JERUSALEM, Israel – Last month, U.S. President Donald Trump gave a stirring speech in Saudi Arabia on the necessity of defeating Islamic terrorism. Leaders of Muslim-majority nations, including Egypt and Jordan, came to hear him speak on forming an international coalition to fight the spread of terrorism worldwide.
From Riyadh, the president flew to Israel where he expressed his deep friendship with the Jewish state. Israelis, nonetheless, were disappointed when he decided not to move the U.S. Embassy from Tel Aviv to Jerusalem, at least for now.
Trump reasoned such a move could impede progress in peace talks between Israel and the Palestinian Authority. The president has been told – and may believe – that resolving the Israeli-Palestinian conflict would have a ripple effect throughout the region.
But what does the Bible say about God's plan for the Jewish nation?
The story of Balaam and Balak in Numbers 23-25 is about much more than a talking donkey. It reveals God's eternal and unchangeable plan for Israel.
Balak, the king of Moab, didn't want the Israelites settling next to him. He'd heard what they'd done to the Amorites and it made him "sick with dread." So he got word to Balaam, a diviner with a powerful reputation who lived near the Euphrates River, and invited him to come and curse the Israelites, promising it would be well worth his time.
It didn't work. Balaam couldn't curse the nation God had blessed, though he tried three times. Apparently God had set Israel apart for His own purposes.
How shall I curse whom God has not cursed? And how shall I denounce whom the Lord has not denounced? For from the top of the rocks I see him and from the hills I behold him; There! A people dwelling alone, not reckoning itself among the nations. (Numbers 23:8-9)
And again God spoke through Balaam.
God is not a man, that He should lie, nor a son of man, that He should repent. Has He said and will He not do? Or has He spoken and will He not make it good?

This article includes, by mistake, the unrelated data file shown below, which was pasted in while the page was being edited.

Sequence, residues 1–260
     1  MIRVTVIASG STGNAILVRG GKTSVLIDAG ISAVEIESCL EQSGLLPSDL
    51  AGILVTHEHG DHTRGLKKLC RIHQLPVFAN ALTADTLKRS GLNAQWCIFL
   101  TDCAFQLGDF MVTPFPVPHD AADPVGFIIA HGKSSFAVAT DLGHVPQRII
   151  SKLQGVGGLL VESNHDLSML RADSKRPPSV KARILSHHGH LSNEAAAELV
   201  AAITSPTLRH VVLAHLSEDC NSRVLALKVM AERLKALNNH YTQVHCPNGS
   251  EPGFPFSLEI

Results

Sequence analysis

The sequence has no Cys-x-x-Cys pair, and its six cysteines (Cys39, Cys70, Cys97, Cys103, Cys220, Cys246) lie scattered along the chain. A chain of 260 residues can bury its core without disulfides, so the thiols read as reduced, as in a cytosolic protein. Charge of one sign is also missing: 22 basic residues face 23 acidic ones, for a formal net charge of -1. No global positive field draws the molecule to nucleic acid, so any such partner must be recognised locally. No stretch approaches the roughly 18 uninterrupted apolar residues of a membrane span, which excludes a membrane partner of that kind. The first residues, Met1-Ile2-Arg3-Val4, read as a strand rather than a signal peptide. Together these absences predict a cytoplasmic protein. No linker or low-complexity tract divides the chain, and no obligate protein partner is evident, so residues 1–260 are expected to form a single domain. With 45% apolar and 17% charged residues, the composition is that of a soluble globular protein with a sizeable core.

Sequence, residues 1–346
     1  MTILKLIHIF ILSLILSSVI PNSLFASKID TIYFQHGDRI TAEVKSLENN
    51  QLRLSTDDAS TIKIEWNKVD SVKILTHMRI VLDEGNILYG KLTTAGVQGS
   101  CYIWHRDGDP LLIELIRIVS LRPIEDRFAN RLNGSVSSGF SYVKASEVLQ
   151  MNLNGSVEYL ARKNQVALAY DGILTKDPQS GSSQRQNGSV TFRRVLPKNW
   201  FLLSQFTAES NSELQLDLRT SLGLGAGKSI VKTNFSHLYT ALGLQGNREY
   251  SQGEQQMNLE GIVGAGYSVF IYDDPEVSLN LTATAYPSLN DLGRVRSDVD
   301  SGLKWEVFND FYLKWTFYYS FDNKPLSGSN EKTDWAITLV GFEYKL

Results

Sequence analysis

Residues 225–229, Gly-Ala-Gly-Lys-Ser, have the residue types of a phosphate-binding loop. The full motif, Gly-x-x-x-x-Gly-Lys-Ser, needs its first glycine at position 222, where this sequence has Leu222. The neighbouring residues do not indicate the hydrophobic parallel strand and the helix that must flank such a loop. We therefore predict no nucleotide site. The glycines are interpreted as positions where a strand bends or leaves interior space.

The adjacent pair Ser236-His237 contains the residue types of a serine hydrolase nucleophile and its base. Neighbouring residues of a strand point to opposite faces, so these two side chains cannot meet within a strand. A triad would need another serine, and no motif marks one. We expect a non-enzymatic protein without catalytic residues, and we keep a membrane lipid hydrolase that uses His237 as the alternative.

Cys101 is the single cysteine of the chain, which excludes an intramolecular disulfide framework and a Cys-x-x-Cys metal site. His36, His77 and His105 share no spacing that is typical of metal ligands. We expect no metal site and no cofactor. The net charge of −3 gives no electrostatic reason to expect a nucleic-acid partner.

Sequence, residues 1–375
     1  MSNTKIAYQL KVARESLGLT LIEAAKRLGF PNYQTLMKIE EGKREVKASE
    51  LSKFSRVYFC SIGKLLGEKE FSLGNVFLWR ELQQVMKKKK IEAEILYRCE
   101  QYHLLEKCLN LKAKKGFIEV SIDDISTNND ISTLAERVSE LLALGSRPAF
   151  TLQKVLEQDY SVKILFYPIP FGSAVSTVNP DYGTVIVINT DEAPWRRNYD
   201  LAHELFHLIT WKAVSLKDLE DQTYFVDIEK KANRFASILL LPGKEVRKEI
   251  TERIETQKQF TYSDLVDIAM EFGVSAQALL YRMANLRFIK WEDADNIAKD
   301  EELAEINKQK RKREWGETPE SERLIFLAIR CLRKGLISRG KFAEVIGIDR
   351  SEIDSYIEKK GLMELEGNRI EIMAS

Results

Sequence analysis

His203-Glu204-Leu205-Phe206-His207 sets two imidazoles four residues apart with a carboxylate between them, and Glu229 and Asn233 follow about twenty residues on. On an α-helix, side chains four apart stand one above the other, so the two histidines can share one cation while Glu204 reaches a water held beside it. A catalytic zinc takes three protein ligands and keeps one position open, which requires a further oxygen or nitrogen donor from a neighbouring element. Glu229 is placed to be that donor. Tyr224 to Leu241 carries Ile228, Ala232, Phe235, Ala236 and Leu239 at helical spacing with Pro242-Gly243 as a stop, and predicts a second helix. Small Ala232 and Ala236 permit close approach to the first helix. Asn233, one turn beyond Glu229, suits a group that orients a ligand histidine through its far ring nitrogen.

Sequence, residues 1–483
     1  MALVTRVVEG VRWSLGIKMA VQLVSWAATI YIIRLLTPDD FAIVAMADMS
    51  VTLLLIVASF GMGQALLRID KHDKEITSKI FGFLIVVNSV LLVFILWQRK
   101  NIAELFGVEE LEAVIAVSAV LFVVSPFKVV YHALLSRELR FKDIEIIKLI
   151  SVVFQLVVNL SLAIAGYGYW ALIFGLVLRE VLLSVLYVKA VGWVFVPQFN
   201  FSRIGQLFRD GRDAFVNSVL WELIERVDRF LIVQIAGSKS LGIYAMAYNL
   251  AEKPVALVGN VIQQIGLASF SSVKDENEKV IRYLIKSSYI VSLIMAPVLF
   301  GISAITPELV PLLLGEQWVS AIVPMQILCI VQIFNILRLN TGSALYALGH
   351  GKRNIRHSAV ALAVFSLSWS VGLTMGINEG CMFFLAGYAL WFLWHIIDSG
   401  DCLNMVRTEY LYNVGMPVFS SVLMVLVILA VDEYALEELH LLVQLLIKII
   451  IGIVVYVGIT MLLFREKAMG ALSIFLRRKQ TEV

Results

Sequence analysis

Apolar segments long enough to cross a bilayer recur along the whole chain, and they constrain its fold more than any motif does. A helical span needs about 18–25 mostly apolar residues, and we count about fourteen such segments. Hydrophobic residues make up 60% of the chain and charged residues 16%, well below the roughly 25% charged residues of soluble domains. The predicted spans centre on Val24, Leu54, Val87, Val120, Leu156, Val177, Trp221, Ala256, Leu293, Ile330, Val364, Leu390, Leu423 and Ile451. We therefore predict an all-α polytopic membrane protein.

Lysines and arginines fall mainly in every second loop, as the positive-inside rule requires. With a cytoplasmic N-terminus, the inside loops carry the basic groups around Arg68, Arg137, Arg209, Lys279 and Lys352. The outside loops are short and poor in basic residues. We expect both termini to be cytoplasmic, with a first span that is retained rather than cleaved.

Behold, I have received a command to bless. He has blessed, and I cannot reverse it.
It's futile to curse His chosen ones, the diviner, summoned by the king, learned.
For there is no sorcery against Jacob, nor any divination against Israel. It now must be said of Jacob and of Israel, 'Oh, what God has done! (Num. 23:23)
Instead, God opened Balaam's eyes to see His plan for Israel.
How lovely are your tents, O Jacob! Your dwellings, O Israel! Blessed is he who blesses you, and cursed is he who curses you. ((Numbers 24:5, 9b)
Then Balaam foretold what will take place in the latter days, mentioning both Israel and Jordan's future in the prophecy.
I see Him, but not now; I behold Him, but not near. A Star shall come out of Jacob, a Scepter shall rise out of Israel and batter the brow of Moab and destroy all the sons of tumult. And Edom shall be a possession; Seir also, his enemies, shall be a possession, while Israel does valiantly. (Num. 24:17-18)
Fast forward to the 21st century.
President Trump's plan may be a good one for now, and God may prosper his efforts. But when the nations stake claim to Jerusalem, to divide the city, God will intervene, as only He can, in what promises to be a divine light show unlike anything the world has seen.
So no matter what it looks like or how it unfolds, God will fulfill his plan for Israel. It's fascinating to watch it play out in the headlines. He turned Balaam's cursing into blessing. May He grant the nations ears to hear, eyes to see and a heart to understand what the Spirit of the Lord is saying today.